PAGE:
I do not like Gnome desktop environment because of its excessively simplified GUI that leverages all users as if they lack minimal skill to interact with a computer. And what I dislike most on Gnome is even more oversimplified vision of the file system provided by Nautilus on its default configuration.

Please, the converse is not true: I do not love KDE. And even more disappointing was seeing KDE 4 abandoning its advantages over Gnome just to become similar to Gnome (after a while, KDE 4 will not have anymore its nice power-user features, nor the nice simplicity of Gnome).

Specially annoying is the “Spatial Navigation” that opens a new window for each folder that is accessed (although real [wo]men would call it “directories”). As soon you have more than a bunch of directories, navigating from one to other will open more and more windows on your desktop just to drive you crazy.

Sure, Gnome developers will explain that a typical user will not own more than a hand full of files. And, they will store everything on the same folder like “documents” or “images” (or even on the desktop leading to the result of the picture on the right). They

Screenshot from a user that stores all documents on his desktop folder

Screenshot from a user that stores all documents on his desktop folder

will never store their files in a secure separated partition, nor on a file system over the network. Just in the case that the amount of files gets out of control, the user will create one or other subdirectory here or there. Therefore, subdirectory navigation is not necessary and it is reasonable to display the content of all directories at the same time.

By the way, Nautilus also claims to support file system browsing. Just click “browse” instead of “open” is what they say. However, there are some issues to consider. The “browsing” features are not visible by default. And a feature that is not visible, or that is very difficult to find, in practice, is not a feature at all. There is no preference where the user can easily choose which configuration he prefers. Googling around shows very few references about “nautilus tree view”. Asking experienced Gnome users was of nearly no use.

After reading the entire Nautilus documentation and after getting some good advices from people that read this article, I understood how. The user needs to start Nautilus with the –browse parameter on command line, open any folder with the “browse” command, then go back again to original folder. The, the user needs to display the side pane and select to tree visualization on this pane (it took a while how to figure out that I can change the content shown by the side pane).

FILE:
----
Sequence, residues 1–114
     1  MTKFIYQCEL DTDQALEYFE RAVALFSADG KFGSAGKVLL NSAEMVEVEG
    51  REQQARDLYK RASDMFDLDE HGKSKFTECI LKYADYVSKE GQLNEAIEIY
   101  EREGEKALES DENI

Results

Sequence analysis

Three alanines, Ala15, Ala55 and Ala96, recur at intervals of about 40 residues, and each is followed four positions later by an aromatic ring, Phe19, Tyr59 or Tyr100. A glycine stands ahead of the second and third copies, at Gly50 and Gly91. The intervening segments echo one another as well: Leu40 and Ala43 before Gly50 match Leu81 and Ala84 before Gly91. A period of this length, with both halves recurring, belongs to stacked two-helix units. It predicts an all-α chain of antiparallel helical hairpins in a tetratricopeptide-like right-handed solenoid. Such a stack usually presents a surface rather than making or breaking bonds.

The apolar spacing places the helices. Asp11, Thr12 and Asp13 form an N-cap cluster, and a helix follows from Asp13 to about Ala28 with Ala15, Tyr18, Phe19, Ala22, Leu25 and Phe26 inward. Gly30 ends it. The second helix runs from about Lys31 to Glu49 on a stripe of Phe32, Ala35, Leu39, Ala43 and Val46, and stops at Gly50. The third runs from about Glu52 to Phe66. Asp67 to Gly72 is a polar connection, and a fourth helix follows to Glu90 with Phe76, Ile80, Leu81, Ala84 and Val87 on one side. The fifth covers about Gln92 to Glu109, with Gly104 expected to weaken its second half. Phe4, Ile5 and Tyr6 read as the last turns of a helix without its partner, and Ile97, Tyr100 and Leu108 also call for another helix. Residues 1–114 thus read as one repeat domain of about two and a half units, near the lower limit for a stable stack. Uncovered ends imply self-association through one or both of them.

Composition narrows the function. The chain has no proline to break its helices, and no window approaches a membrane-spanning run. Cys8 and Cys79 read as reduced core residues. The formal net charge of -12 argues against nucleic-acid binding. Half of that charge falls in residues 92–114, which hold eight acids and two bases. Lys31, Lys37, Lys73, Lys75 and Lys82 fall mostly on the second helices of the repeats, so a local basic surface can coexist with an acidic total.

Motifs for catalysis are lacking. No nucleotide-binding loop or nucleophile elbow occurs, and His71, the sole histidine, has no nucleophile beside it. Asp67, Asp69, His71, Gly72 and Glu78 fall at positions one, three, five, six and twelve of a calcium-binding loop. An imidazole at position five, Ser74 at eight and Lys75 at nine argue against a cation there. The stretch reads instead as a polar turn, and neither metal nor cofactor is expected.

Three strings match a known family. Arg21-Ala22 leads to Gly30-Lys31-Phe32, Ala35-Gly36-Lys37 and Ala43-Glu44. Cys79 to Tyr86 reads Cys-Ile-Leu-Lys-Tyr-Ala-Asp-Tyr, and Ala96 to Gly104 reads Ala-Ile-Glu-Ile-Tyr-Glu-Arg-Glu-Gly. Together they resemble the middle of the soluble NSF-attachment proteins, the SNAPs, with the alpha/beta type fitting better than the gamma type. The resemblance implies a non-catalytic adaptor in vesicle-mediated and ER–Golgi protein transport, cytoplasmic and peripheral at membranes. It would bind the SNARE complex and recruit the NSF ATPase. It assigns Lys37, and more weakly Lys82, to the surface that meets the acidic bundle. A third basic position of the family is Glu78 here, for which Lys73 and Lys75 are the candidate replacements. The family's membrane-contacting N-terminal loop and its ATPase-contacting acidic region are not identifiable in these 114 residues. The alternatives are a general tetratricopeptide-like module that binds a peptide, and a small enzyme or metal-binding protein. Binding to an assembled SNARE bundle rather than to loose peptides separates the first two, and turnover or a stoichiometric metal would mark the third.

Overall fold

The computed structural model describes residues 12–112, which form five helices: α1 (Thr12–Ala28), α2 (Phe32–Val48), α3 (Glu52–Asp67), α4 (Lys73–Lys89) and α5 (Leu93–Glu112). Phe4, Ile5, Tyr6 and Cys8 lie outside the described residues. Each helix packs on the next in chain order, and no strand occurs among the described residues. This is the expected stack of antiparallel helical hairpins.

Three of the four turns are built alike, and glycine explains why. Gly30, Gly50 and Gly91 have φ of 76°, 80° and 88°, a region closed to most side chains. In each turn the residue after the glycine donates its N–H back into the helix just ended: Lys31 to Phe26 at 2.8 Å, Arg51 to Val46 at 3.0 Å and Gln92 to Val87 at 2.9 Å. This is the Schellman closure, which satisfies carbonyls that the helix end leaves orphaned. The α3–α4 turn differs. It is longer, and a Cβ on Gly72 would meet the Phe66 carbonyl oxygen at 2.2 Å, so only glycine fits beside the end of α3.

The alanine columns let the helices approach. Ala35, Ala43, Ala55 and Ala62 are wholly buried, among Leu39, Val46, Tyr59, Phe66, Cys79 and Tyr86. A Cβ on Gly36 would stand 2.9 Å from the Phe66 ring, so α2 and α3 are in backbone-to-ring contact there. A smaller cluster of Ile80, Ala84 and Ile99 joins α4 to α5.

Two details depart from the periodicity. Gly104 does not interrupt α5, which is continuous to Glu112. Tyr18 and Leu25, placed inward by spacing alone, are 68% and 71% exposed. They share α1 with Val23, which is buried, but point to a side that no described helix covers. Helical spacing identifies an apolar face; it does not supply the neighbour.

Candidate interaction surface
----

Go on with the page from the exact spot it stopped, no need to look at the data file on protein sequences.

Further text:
Finally, one will be able to see the directory hierarchy and be able to jump to sibling directories. It is possible only to go to/from parent and child directories.

Fortunately, I discovered an alternative that allows the real and true file system browsing. It is called PCMan File Manager, and stays a bit hidden on most Linux distros. At the beginning, it provides an appearance familiar to Nautilus, and understands the same pre-defined folders like “documents” or “images”. However, after a short time of use, one will soon discover the power-user features that are available.

PCMan claims to be extremely fast and lightweight. I do not think this matters most, compared to the features it provides. It has a sidebar with useful and organized common locations and mount points. The sidebar may also display a complete tree view of the file system. Tabbed browsing is also supported.

I liked most that each tab has its own tree view. It was really annoying on KDE/Konqueror that the tree view did not always match the focused tab. The tree view is completely absent in Nautilus. Also I like the organized common locations and mount points. Although Konqueror has something similar, it is not as organized and as useful as it is on PCMan.

Also, there are features I still need to get better acquaintance: mounting/unmounting/ejecting media within PCMan. I really dislike having an icon for storage devices on the Gnome/KDE desktop while not being able to see and manage them within Nautilus/Konqueror.

Other nice feature is opening a directory as root, avoiding the need to switch to a terminal or to log-in as a different user.

However, I was not able to open and browse very large directories, like /usr/bin, as promised by PCMan web site.

Fortified compiling prevents building older RPM

Today I had to build and test some older Open MPI RPM packages. However, I was prevented to build them, although the code apparently was correct.

The command:

rpmbuild -ba openmpi-1.2.1.spec

The error message was:

In function 'open',
    inlined from 'orte_abort' at runtime/orte_abort.c:91:
/usr/include/bits/fcntl2.h:51: error: call to '__open_missing_mode' declared with attribute error: open with O_CREAT in second argument needs 3 arguments

The line of source code that causes the error is:

fd = open(abort_file, O_CREAT);

After some research, I discovered that the source code is correct. But nowadays, newer versions of gcc do additional security checking that were not available that the time the code was written.

For security reasons, calling open with O_CREAT and only two parameters is not acceptable anymore.

In order to build the RPM, I would either need to change the SPEC file or the src.rpm package, or find out a build options for rpmbuild that turns off further code protection.

First, I changed the the src.rpm package, chaning the problematic line to:

fd = open(abort_file, O_CREAT, 0666);

Then, I confirmed that it is also possible to pass additional parameters to rpmbuild in order to turn off code protection:

rpmbuild -ba openmpi-1.2.1.spec --define 'configure_options CFLAGS=-D_FORTIFY_SOURCE=0'